Woody vegetation reduces the stream flow velocity, helping absorb energy from drifting debris. Shaded waters stay cooler than open water, allowing more available oxygen to be suspended. Limbs and foliage serve as cover for fish and a habitat for many other creatures.
A stream is only a small portion of a watershed. The watershed also includes the entire drainage area or basin that collects and channels water into a nearby river or receiving water body. 
What you do to your stream will impact other plants, animals, and neighbors downstream in the system.
If erosion is occurring in your stream, the banks are usually impacted most. Find out what is causing the erosion above the damaged area. 
For long term repair, the cause must be managed or stopped. No repair will be permanent, for water continues to work, moving and depositing with its flow. 
Whether the erosion is natural or caused by upstream development, you should consider your impact to the entire watershed when you select a solution. 
Banks being undercut need to be stabilized to avoid slumping. Stabilization works by either slowing down the erosive nature of water or by increasing the resistance of the bank to the erosion, or a combination of both.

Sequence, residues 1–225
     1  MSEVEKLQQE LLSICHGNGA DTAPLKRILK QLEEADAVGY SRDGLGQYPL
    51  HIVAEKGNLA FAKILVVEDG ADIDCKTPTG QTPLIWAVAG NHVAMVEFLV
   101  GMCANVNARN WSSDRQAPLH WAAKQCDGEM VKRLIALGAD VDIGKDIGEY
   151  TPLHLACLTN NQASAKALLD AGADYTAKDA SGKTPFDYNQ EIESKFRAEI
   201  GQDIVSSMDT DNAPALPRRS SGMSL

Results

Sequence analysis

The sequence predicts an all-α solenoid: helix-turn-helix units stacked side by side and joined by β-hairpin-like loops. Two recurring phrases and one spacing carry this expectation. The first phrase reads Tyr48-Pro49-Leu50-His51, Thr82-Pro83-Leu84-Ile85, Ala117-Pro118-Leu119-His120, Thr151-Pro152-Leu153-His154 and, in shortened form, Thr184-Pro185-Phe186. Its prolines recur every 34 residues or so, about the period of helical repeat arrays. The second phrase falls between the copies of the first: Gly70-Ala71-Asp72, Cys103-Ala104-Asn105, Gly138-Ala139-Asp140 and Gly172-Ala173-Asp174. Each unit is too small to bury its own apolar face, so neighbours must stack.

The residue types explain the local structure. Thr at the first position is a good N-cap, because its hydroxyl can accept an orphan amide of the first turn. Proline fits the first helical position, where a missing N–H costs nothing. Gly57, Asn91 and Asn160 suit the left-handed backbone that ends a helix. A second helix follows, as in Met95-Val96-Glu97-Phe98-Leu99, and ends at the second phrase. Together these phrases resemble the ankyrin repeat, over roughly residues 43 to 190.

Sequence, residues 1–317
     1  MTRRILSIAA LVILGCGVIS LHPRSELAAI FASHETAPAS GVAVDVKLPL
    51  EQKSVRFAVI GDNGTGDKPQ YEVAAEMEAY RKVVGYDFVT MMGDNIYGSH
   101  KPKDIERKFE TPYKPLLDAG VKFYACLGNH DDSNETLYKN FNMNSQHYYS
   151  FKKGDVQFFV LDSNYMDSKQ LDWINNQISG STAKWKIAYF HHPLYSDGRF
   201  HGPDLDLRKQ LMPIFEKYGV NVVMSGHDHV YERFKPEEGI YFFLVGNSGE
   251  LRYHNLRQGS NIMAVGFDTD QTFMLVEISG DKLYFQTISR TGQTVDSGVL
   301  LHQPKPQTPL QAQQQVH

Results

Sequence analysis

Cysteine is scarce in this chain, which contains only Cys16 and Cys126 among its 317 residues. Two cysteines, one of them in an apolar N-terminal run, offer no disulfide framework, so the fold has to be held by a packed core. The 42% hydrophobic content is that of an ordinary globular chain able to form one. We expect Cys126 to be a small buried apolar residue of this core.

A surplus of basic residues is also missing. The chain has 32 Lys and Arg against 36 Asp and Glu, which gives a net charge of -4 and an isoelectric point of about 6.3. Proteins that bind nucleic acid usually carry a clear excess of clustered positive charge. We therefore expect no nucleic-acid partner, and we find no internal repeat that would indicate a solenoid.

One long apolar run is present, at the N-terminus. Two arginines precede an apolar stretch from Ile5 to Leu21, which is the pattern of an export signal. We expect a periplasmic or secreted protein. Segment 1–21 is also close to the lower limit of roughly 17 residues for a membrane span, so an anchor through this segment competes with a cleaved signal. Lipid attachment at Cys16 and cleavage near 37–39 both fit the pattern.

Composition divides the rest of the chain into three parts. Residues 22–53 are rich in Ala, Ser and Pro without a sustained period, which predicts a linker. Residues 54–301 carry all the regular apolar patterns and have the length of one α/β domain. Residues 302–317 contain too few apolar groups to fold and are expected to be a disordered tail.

There are three primary methods used for small stream stabilization: vegetation, rock protection, and bioengineering.
Vegetation may effectively control bank erosion if:
-- The banks are not already seriously eroded.
-- The stream is small and
-- Water velocities are low. A change in flow rate or direction accelerates velocity.
The idea is to establish some sort of “cover” whose root system will hold the soil in place and reduce the impact of flowing water. 
There are many methods of establishing vegetation, ranging from reduced mowing to hand seeding to planting to using more integrated solutions. 
Live cuttings can be bundled into fascines and pinned along the bank-full water line, or other methods may be used to armor the bank above normal flow level.
Rock Protection
Rock protection involves using large-diameter stones to protect eroding stream banks. Rip rap armors the bank and toe just below the normal water level.